Gordy


#10 of 134 Rob M.

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Posted October 11 2003 - 12:19 PM

Quote:
I am completely sick and tired of such ridiculously negative views on Super Audio. Sony and Rolling Stone do something creative and all you people can do is bitch.


I don't think anyone in this thread is anti-SACD. I am, however, anti-Rolling Stone, which I no longer even consider a music magazine.

I have an SACD player and about 20 discs, so I hope the format is successful. I'm also a Sony-lover. I think they are one of the most reliable electronics outfits out there.

But, I'm also a realist. Sony has done a piss-poor job marketing this format.
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#11 of 134 Dave Bennett

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Posted October 11 2003 - 12:26 PM

I'll inject a few comments here. First, I agree I don't think this thread is being anti SACD in anyway nor anti Sony. People are simply pointing out that the marketing of SACD has been um.. shall we say "less than optimal", yeah that's a nice nondescriptive term Posted Image
I really think SACD is the better of the two formats. I'm much more likely to buy an album I don't already have on an SACD Hybrid so I can enjoy the multichannel mix at home and still be able to play the redbook layer in the car etc. The problem is that alot of the titles I'm thinking about getting are SACD only which makes me more likely to just buy the regular cd. I'd rather have to hear a lesser version at home and some version in the car than a great version at home and nothing in the car.
If more SACD releases are going to be released in hybrid form, I'll definitely end up buying ALOT of releases. Before I got my SACD/DVD-A player I was not buying much music (other than a few songs on the iTunes store here and there). If hybrid discs become more prevalent I'd definately buy more discs.
As for whether it will catch on with the average consumer, who knows. The average consumer probably listens to music through a $150 mini system so I doubt they'd really care about audio quality. If hybrid discs become more common, both j6p and we audiophiles will both win.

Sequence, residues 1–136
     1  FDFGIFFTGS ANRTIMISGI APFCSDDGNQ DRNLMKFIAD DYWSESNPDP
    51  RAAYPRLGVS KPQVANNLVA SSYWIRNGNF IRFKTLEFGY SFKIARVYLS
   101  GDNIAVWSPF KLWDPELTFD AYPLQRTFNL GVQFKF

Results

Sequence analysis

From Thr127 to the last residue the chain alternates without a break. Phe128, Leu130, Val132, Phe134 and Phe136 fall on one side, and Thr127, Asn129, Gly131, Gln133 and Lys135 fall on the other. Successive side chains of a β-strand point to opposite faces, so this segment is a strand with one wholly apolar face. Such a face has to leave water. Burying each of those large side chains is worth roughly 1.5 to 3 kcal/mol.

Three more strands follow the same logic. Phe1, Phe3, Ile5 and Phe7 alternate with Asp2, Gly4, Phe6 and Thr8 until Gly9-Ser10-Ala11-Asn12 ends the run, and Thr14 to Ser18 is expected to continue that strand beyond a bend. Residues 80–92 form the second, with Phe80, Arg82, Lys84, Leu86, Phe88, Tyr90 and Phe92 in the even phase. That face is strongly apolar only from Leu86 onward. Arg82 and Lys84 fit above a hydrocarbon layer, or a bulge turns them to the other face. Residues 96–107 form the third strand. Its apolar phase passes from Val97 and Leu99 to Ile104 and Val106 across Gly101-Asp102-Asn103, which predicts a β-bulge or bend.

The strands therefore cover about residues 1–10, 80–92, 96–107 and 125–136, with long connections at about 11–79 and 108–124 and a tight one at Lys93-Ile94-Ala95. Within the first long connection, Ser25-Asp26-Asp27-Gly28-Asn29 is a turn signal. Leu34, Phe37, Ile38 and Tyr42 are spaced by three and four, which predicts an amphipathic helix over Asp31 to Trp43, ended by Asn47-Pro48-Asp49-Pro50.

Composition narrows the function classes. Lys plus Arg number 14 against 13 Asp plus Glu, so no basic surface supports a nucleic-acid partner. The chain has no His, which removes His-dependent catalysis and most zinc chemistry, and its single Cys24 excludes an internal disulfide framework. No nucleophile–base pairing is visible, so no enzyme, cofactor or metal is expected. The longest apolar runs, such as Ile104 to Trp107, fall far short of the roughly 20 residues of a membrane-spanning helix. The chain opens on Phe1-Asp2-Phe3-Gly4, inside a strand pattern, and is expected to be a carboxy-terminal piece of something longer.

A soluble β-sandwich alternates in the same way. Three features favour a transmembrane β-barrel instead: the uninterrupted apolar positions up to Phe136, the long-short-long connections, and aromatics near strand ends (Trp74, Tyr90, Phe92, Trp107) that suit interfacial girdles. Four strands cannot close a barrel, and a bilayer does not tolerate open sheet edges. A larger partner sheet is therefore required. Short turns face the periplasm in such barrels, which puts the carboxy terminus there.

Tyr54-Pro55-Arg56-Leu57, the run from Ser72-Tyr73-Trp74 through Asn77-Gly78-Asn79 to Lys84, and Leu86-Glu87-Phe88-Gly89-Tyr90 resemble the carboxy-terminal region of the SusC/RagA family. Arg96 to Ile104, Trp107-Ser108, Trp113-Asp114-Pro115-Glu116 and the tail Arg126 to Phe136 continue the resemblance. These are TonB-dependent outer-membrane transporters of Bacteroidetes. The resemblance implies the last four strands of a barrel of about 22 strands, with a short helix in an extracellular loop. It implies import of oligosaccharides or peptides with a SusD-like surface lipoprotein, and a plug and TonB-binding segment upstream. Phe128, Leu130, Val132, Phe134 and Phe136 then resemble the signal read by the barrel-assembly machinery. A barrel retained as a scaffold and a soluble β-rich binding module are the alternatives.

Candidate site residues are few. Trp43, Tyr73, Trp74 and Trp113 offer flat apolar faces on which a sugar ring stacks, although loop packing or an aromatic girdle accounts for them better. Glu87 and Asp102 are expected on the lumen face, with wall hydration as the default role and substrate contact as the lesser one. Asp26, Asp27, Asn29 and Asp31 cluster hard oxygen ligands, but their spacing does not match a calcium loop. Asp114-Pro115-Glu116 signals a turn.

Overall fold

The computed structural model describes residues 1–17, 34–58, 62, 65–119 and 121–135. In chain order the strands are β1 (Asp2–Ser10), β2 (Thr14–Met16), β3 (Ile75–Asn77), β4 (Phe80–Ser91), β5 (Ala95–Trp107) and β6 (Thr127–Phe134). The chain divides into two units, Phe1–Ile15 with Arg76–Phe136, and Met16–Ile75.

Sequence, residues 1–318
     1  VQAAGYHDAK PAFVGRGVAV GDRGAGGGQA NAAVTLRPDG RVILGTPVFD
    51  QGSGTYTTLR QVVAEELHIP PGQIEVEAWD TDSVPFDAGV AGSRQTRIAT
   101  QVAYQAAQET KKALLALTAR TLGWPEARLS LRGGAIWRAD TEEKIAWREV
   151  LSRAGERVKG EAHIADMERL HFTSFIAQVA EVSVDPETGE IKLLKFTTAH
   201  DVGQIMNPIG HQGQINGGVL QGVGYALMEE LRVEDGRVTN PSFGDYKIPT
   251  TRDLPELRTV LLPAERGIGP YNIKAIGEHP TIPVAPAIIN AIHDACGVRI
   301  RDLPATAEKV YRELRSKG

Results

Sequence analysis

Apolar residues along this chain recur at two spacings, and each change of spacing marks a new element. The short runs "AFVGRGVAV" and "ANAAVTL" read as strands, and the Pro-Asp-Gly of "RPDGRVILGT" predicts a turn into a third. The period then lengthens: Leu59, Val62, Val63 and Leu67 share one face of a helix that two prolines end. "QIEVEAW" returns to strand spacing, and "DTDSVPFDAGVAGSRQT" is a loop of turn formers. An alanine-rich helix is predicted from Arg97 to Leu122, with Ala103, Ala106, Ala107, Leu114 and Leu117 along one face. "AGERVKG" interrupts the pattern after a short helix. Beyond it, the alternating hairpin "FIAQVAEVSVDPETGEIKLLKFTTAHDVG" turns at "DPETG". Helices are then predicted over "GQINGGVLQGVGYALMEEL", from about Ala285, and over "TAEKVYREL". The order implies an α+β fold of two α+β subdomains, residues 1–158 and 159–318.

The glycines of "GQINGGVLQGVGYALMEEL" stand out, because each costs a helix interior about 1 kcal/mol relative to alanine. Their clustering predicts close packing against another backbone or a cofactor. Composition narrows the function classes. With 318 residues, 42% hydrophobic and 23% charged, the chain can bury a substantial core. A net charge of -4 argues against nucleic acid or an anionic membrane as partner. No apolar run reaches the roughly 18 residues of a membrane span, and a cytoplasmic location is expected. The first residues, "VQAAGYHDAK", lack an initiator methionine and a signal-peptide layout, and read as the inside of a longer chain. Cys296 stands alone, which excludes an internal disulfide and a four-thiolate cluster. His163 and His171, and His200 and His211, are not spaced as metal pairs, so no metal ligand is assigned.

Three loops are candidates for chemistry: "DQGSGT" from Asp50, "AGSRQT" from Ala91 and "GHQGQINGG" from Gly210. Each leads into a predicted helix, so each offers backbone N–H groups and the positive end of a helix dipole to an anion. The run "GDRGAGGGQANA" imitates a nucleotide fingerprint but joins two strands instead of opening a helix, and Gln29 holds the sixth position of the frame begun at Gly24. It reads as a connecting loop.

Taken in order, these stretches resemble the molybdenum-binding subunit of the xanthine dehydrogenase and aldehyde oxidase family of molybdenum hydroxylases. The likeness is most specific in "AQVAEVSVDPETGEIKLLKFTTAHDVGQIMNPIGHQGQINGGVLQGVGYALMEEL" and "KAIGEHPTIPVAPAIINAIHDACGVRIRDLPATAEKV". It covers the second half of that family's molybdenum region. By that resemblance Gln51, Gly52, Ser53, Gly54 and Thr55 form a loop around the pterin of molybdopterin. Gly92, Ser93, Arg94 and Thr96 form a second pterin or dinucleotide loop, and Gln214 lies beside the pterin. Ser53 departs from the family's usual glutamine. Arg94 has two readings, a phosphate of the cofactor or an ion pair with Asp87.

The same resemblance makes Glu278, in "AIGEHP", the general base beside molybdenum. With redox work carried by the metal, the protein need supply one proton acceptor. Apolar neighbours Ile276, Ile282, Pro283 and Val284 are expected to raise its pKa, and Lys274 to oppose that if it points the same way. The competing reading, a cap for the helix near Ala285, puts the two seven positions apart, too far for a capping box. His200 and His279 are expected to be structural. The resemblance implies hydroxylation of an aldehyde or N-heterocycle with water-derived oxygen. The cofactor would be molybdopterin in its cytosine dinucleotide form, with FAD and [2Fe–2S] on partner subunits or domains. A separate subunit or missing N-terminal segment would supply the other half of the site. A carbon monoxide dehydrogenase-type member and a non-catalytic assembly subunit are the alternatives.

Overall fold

I'm convinced that cds caught on with the average consumer not because of the increased audio quality but more for the ability to skip tracks, random play, etc. SACD doesn't really offer anything new in that regard so I doubt the average consumer will rush out to buy the necessary equipment to play them.
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#12 of 134 John Kotches

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Posted October 11 2003 - 03:03 PM

Lee,

Please provide counter arguments to these statements:
  • SACD has less than 1% market penetration in the US population as a whole
  • Of the readers that receive this disc in their issue of Rolling Stone, < 1% will be motivated to go so far as to research SACD playback
  • Of those that bother to investigate SACD, < 25% will actually go to the extent of purchasing SACD capable players
If these estimates are accurate, then we're talking about a US$20 million investment to garner 50,000 SACD player sales (give or take a few thousand). That would be an investment of $400/ for each player sold. This model did work fairly well for game consoles, such as Playstation and Playstation 2. Given the royalty and profit structures for SACD that would be a fair number of title sales to recoup those costs.

Given current market conditions for the music industry, is this really viable?
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#13 of 134 John Berggren

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Posted October 11 2003 - 05:49 PM

I'm interested in learning the track listing for this release.

Regardless, I'll probably pick it up for demo purposes. Perhaps I'll also gain new appreciation for a musician or group.
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#14 of 134 Thomas Newton

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Posted October 11 2003 - 06:00 PM

Lee,

John's mention of a fact that you don't like (i.e., that most of the people buying the magazine will not have a way to play the SACD layer) is not being "ridiculously negative", "anti-Sony", and "anti-SACD". The same comments would apply if it were a DVD-Audio disc that was bundled with Rolling Stone.